Art-film house unlikely for lakefront theater


No one knows how it got started, but a rumor sprang up a few years ago that Columbia's first movie theater -- the small, 25-year-old, three-screen General Cinema Columbia City 3 on Lake Kittamaqundi -- would soon be turned into a cinema house showing art films.

Instead of delivering the latest Hollywood blockbusters, the aging movie house would present independent and foreign films, more intimate artistic fare that would appeal to an older, more refined crowd that hungered for an alternative cinematic experience.

Unfortunately for art-house aficionados, their wish won't be coming true anytime soon.

Despite calls and letters to General Cinema's headquarters in Chestnut Hill, Mass., and to the Rouse Co. (which owns the waterfront property on which the theater stands) urging the theater company to change the programming format, Howard County residents will have to drive to Baltimore or Washington to see the latest foreign or small film.

Many say it would have been the perfect time to convert the theater. With a megaplex movie theater (another General Cinema/Rouse Co. partnership) coming to the newly renovated Mall in Columbia within the next few years, a small art-house cinema across the street would have been a solution.

The theater "is still getting a fair number of hit films, and is still going strong," said Brian Callaghan, communications director for General Cinema Theatres Inc. "We showed 'The Sixth Sense' there, and it did really well."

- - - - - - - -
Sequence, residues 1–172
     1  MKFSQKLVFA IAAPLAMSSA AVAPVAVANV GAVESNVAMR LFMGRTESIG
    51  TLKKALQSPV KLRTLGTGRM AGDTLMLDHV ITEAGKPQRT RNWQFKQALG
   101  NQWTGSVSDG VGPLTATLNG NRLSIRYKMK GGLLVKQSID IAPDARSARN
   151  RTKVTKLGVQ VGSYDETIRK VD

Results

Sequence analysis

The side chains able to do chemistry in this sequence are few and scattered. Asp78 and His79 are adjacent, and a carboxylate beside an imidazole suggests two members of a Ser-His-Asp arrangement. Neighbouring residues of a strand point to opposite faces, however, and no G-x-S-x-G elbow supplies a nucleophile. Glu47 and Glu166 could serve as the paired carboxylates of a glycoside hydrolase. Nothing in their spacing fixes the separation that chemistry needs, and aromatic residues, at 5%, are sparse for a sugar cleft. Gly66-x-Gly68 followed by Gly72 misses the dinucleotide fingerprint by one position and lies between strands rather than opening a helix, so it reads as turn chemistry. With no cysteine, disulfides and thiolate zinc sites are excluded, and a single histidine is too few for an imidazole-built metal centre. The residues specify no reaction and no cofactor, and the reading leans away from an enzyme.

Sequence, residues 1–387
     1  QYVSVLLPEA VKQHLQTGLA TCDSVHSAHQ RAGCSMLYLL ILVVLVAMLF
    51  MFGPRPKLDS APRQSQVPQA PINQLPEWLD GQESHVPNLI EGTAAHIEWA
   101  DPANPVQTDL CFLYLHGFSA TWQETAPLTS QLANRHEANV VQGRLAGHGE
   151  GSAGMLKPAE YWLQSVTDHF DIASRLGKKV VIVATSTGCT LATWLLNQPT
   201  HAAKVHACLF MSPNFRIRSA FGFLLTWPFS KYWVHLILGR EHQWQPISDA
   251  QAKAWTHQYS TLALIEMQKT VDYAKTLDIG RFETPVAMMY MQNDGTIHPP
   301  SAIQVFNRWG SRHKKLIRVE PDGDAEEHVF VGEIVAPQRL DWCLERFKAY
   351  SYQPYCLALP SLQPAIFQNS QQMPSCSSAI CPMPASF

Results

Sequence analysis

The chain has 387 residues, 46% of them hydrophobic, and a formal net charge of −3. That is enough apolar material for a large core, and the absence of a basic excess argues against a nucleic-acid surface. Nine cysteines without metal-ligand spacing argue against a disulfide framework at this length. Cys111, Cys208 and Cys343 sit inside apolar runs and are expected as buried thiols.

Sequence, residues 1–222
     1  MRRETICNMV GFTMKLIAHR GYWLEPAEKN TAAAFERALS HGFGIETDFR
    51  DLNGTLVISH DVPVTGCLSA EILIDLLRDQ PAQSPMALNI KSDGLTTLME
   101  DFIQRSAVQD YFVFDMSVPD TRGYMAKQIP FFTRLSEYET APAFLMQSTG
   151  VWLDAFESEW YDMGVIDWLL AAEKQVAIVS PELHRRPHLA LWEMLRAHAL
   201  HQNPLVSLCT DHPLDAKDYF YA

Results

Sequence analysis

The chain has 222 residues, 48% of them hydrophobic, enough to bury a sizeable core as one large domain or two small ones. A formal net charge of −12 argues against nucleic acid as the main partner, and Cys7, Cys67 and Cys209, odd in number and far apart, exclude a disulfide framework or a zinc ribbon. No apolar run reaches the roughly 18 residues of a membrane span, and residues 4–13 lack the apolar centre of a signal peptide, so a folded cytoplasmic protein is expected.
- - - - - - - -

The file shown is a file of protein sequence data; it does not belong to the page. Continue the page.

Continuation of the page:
As long as popular, mainstream movies continue to do well at the lakefront theater, the likelihood that it will be converted into an artsy cinema house is small despite public pressure to do so, Callaghan said.

"The Columbia theater has a lot of options," he said. "I think of the design, and it's a bit of a throwback to the '70s style -- it has a real retro-cool thing going on," referring to the theater's exterior design.

However, Callaghan declined to give details about the theater's options, and the future remains uncertain for the movie house.

Around the country, owners of small, older theaters are seeing all but their most loyal customers flee to cineplexes owned by such conglomerates as United Artists Theaters, Sony, General Cinema, Hoyts and Loews Cineplex Entertainment.

Megaplexes -- theaters with 12 or more screens -- offer such amenities as stadium-style seating, coffee bars and an ever-expanding variety of films.

In Howard, Columbia City 3 theater and Loews Columbia Palace 9 Theaters on Route 108 have seen the size of their audiences shrink since United Artists opened Snowden Square 14 megaplex in December 1997.

Columbia Palace 9 experimented last year with showing an art film on one of its nine screens usually reserved for big-ticket studio blockbusters.

Academy Award-nominated films such as "Shakespeare in Love," "Life Is Beautiful" and "Hilary and Jackie" played for a short time, but were unable to attract a large audience, according to a Columbia Palace 9 manager who asked that his name not be used.

"A lot of people have requested art films here over the years, but it's never really panned out," the manager said. "Movies like that do well one week, then don't do well the next. They might do well on a Saturday night, but two or three people might be in the theater during the week -- if you're lucky."

Although requests came from a number of Howard residents that the theater devote a single screen to foreign, art or independent films year-round, simple economics won out.

"The reality is, if you take a screen away from the big studios, they won't give you the next big film that they put out a few months down the road," the manager said. "They really call the shots. Sometimes, you've almost got to take what they give you. The idea of having an art film on one screen will never work unless you have the film companies behind the idea."

Until then, the bottom line is drawn in the same place.

"Listen to the big guys," the manager said. "That's the only solution."

Pub Date: 9/16/99

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